1. Introduction
Pulmonary involvement is common in patients with rheu-
matoid arthritis (RA), and clinically overt interstitial lung
disease (ILD) is prevalent in about 8% of patients with
early RA and 19% of patients with a longer disease dura-
tion [1-3]. The 10 year incidence rate of symptomatic
pulmonary fibrosis has been described as high as 6% in
patients with RA [2,3]. The presence of ILD in RA has a
significant adverse impact on mortality [2,4].
To date, no clinical trial has assessed the efficacy of
any therapy in RA-ILD. Therapeutic strategies are en-
tirely based on therapeutic recommendations in idio-
pathic interstitial pneumonias (IIP) [5-7]. In view of
some histologic differences between IIPs and their coun-
terparts in RA, there might be important features which
could impact on treatment efficacy and prognosis [3]. At
the same time, assumptions about effectiveness of diease
modifying drugs (DMARDs) on pulmonary disease de-
rived from their impact on joint disease should be treated
with caution.
The pathogenesis of RA-ILD is unknown. Other dis-
ease related features and smoking are risk factors, and a
number of immunologic, cellular and humoral abnor-
malities have been described in RA-ILD [2,8-10]. For-
mation of B-cell follicles and germinal centers and the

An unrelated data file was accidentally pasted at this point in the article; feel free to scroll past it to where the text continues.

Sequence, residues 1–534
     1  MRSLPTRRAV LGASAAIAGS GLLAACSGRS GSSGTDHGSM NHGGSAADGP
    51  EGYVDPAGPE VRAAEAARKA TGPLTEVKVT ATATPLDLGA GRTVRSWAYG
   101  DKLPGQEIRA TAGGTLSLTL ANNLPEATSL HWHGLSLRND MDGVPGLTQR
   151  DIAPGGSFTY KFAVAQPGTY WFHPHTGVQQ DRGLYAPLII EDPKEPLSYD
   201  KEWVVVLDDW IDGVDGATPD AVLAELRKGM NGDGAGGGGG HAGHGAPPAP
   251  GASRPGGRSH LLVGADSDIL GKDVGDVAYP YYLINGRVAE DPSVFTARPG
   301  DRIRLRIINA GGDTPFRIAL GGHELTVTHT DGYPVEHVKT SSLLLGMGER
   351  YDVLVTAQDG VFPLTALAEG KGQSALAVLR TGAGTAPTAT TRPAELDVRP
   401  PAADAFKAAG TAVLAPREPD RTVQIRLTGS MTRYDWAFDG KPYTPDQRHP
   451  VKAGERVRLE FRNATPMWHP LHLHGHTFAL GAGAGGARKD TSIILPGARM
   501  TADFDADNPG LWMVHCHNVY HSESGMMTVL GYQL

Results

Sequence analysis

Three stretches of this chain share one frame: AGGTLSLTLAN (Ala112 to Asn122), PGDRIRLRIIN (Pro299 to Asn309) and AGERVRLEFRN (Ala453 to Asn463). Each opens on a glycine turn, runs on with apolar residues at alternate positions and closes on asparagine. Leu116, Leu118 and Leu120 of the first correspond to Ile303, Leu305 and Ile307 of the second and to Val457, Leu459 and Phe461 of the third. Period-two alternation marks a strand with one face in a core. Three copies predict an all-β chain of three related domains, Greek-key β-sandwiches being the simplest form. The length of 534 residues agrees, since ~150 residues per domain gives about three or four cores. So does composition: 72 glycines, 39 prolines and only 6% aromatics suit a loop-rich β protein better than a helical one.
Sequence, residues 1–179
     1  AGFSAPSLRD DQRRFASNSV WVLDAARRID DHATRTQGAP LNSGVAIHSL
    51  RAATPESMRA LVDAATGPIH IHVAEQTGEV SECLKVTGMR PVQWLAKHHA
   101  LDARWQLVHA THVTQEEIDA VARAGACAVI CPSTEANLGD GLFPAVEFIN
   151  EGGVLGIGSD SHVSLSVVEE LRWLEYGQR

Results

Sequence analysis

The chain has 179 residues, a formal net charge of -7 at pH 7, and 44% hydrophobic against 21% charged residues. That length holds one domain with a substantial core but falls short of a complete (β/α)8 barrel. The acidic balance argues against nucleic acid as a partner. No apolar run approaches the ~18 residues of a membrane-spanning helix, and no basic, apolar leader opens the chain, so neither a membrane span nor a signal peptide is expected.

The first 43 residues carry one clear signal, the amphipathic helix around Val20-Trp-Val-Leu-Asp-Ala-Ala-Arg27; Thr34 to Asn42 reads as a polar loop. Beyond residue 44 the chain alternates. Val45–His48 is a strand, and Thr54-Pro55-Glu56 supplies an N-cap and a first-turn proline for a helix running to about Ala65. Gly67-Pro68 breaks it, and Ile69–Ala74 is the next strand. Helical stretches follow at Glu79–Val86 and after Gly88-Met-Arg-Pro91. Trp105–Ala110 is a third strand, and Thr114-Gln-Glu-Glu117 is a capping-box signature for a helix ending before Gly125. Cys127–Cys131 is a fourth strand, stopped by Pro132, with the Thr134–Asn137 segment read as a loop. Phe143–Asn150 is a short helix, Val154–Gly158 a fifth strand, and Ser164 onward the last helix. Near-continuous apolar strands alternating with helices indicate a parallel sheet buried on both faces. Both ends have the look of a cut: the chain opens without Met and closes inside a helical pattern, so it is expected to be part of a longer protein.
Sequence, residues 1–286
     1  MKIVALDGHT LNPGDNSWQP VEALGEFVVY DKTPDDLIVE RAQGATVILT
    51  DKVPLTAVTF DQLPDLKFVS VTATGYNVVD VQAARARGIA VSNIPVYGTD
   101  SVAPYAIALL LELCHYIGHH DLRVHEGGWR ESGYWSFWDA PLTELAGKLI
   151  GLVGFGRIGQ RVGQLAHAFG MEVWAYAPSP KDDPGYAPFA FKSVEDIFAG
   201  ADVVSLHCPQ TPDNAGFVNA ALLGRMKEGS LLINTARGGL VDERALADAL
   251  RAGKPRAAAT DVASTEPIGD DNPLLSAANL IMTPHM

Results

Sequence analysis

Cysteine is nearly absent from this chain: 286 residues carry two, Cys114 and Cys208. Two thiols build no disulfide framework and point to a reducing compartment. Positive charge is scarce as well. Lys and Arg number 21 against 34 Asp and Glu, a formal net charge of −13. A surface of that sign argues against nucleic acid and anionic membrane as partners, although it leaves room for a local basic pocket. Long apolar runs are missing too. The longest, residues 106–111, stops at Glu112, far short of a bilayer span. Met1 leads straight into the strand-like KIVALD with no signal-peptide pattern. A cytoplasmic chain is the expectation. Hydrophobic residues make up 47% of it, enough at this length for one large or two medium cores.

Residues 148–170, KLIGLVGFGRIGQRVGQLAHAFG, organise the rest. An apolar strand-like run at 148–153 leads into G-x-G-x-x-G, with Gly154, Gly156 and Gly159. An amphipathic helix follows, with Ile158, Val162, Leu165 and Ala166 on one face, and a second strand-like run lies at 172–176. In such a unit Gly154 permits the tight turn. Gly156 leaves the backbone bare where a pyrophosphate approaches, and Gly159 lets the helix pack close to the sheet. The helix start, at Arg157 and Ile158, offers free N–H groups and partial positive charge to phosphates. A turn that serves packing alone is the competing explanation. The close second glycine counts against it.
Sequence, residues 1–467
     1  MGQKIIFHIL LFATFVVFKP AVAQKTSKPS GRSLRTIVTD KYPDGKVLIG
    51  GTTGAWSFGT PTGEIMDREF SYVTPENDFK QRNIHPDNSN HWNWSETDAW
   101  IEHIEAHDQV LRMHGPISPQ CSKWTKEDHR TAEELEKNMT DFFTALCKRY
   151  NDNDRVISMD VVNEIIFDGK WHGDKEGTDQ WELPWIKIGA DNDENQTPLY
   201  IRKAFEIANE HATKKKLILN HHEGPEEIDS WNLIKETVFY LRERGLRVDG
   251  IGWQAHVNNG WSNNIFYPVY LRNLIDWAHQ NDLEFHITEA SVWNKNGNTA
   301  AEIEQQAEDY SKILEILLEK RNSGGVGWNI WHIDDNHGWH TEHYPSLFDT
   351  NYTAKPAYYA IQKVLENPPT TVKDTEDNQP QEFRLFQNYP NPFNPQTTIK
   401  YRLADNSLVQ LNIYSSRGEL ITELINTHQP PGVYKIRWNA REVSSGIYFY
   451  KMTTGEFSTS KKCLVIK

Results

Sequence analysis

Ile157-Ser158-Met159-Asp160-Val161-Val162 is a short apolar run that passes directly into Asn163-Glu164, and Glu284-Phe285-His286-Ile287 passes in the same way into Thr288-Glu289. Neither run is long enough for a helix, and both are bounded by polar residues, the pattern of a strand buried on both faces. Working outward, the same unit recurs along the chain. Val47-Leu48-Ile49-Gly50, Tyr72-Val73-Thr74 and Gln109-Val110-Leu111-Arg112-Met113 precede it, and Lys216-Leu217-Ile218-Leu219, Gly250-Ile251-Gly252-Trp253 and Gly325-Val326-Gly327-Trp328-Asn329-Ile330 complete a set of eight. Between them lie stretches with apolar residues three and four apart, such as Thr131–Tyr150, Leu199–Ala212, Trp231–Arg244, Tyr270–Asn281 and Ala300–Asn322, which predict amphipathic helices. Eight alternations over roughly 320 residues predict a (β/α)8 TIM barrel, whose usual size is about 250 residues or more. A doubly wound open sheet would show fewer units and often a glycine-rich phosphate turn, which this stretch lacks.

presence of circulating antibodies to lung proteins have
been detected in IIP [8]. There may be a significant in-
crease in B-cell numbers in RA-ILD compared to normal
lung tissue and IIPs, and there are dense B-cell follicles
in the two most common histologic subtypes of RA-ILD,
nonspecific interstitial pneumonia (NSIP) and usual in-
terstitial pneumonia (UIP) [9].
These observations provide a rationale for a potential
efficacy of B-cell ablative therapies in RA-ILD. The use
of a monoclonal antibody directed against CD20, a B-cell
surface marker, has already proven effectiveness in the
treatment of RA joint disease, but the effect on lung dis-
Copyright © 2012 SciRes. OJRA
Open-Label, Pilot Study of the Safety and Clinical Effects of Rituximab in Patients with Rheumatoid
Arthritis-Associated Interstitial Pneumonia
ease has not been evaluated [11]. This study was per-
formed to gain a preliminary assessment of the safety and